65. Sphagnum andersonianum R. E. Andrus, Bryologist. 83: 60, figs. 1-7. 1980.
Plants small, soft and slender; capitulum small; pale pink to pale purplish red; without metallic lustre when dry. Stems pale brown, green or red, rarely purplish red; superficial cortical cells aporose. Stem leaves lingulate, 0.9-1.2(-1.4) mm, apex rounded-erose to sometimes slightly apiculate, border moderately strong and broadened at the base (to 0.8 the width); hyaline cells rhombic, 0-1-septate, usually efibrillose. Branches not or slightly 5-ranked, lax. Branch fascicles with 2 spreading and 1-2 pendent branches. Branch leaves ovate, 0.8-1.4 mm, distinctly concave, straight, apex dentate and involute; border entire; hyaline cells on convex surface with elliptic pores along the commissures, grading from smaller pores near the apex to larger pores at the base, concave surface with large round pores on the proximal portions of the leaf. Sexual condition dioicous. Spores 18-24 µm; coarsely papillose on both surfaces; proximal laesura less than 0.5 the length of the spore radius.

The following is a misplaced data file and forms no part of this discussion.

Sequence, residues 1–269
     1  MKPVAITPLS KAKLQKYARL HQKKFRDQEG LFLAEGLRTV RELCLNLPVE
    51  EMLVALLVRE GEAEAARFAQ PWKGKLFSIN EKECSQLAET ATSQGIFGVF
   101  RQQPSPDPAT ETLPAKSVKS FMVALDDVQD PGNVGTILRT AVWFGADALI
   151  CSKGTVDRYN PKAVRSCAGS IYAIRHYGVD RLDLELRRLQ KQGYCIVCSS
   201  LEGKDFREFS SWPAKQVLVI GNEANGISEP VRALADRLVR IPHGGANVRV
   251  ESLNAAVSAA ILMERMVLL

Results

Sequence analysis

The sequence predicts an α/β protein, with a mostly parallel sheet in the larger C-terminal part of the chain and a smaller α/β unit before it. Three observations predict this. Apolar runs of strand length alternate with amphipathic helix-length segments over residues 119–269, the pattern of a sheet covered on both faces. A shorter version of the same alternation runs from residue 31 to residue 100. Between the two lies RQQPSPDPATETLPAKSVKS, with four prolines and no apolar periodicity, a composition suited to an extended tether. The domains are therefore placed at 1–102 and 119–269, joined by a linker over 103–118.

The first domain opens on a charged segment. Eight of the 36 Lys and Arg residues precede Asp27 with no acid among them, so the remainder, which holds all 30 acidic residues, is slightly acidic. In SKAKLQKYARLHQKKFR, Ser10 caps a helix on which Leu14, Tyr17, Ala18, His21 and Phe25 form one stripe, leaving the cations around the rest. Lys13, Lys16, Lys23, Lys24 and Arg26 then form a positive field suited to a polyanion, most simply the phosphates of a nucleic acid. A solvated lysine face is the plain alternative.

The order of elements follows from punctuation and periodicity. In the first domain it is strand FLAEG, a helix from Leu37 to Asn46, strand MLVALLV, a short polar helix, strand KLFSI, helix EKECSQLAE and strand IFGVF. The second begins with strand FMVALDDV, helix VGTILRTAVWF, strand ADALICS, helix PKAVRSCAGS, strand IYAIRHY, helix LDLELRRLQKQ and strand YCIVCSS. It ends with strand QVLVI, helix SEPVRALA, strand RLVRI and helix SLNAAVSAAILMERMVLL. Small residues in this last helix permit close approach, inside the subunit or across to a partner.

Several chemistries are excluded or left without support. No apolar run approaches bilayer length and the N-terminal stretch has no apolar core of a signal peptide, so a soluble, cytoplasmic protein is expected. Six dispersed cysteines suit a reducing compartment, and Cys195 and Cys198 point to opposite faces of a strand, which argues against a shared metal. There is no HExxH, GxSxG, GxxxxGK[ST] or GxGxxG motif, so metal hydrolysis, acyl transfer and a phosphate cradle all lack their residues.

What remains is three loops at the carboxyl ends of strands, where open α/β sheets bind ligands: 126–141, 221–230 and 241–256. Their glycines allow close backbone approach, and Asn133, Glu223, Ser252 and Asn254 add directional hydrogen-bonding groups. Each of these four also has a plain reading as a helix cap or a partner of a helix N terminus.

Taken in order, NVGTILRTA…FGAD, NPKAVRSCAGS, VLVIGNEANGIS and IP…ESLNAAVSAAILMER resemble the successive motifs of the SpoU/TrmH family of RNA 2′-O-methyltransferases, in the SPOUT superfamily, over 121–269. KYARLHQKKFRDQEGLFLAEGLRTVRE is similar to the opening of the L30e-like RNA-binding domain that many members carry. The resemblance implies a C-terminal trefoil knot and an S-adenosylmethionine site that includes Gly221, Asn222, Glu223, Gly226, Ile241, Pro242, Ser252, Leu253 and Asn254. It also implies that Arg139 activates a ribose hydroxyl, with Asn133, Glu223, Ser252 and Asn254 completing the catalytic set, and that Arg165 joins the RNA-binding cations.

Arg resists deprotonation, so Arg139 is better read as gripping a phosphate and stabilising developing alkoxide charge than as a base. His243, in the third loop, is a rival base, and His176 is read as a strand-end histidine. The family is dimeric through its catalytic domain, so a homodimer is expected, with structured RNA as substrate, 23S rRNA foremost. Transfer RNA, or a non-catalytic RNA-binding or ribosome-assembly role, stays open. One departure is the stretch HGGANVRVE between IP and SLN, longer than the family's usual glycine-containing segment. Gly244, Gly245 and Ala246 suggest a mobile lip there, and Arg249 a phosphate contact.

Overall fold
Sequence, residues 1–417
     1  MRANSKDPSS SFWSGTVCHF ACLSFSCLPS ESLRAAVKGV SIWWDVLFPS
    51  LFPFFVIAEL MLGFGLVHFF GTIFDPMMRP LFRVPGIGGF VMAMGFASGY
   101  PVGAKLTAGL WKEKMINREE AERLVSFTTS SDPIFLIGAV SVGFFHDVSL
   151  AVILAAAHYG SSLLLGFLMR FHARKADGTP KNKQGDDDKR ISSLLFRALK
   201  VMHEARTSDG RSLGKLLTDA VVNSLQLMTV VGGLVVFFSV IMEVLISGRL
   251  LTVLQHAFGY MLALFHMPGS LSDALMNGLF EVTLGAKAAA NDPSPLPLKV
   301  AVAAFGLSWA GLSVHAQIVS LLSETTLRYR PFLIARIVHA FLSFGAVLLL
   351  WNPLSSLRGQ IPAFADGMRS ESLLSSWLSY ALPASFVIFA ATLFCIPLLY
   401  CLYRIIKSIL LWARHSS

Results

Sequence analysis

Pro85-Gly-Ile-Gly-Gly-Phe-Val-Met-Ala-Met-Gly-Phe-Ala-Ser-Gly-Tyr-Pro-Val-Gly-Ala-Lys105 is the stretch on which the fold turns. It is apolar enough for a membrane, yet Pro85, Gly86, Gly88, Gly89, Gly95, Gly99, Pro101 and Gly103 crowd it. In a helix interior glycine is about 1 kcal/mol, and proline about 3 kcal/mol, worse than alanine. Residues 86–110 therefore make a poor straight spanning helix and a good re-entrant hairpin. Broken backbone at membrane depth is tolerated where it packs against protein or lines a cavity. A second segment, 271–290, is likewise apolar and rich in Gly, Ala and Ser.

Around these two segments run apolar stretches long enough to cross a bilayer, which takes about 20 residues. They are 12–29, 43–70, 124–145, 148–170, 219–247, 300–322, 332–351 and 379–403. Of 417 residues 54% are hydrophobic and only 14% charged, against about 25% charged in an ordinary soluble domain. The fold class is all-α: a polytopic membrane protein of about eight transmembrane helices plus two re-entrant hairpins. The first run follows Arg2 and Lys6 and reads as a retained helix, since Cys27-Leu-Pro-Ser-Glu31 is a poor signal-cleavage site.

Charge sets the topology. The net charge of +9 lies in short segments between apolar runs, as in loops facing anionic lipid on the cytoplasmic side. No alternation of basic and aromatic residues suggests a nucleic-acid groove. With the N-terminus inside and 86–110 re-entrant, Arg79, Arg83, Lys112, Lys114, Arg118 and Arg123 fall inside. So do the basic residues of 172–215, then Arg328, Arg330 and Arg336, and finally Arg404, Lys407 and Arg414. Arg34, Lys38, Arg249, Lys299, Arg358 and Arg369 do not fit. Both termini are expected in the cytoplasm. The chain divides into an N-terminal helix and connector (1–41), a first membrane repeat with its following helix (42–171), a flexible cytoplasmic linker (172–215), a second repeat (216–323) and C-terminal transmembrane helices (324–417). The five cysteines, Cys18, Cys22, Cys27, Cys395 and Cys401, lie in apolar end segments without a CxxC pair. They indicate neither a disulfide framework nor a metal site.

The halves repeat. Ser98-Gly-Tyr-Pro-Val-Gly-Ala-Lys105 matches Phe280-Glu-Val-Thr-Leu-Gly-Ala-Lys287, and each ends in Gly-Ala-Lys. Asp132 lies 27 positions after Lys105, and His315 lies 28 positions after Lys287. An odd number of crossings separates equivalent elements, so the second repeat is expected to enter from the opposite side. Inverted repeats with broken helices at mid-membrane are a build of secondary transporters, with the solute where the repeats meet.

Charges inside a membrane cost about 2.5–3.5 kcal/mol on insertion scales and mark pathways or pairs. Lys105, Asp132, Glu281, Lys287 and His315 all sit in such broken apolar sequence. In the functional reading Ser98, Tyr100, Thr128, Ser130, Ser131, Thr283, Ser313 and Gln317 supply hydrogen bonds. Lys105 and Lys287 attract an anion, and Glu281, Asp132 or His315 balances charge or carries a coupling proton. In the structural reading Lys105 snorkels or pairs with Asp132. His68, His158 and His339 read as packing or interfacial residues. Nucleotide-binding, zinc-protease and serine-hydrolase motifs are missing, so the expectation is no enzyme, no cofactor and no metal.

Weakly minerotrophic; low to moderate elevations; B.C., Nfld. and Labr. (Nfld.), N.S., Que.; Alaska, Conn., Maine, Mass, N.H., N.Y., R.I., Vt.; Europe.
Sporophytes are uncommon in Sphagnum andersonianum. Its distribution is uncertain due to past taxonomic confusion with S. rubellum, S. capillifolium, and other closely related species in sect. Acutifolia. This is one of the most hydrophytic species of the section and is often associated with S. angustifolium, S. fallax, and S. rubellum. It is often not easily distinguished from S. rubellum, with which it may intergrade in a manner similar to that already demonstrated for S. rubellum and S. capillifolium by N. Cronberg (1997, 1998). Phenotypically S. andersonianum is a softer, paler plant with branch leaves that are more ovate and concave on branches that are less 5-ranked. Sphagnum rubellum also has the branch leaves sometimes subsecund while in S. andersonianum they are straight. Ecologically S. rubellum is an open mire species of usually ombrotrophic conditions, where it often forms hummocks, while S. andersonianum occurs in more sheltered sites where there is some mineral influence. Where they occur together, S. rubellum is on the tops of hummocks and S. andersonianum is on the hummock sides and bases. Microscopically S. rubellum has stem leaves with at least some of the hyaline cells twice septate, while in S. andersonianum none are twice septate.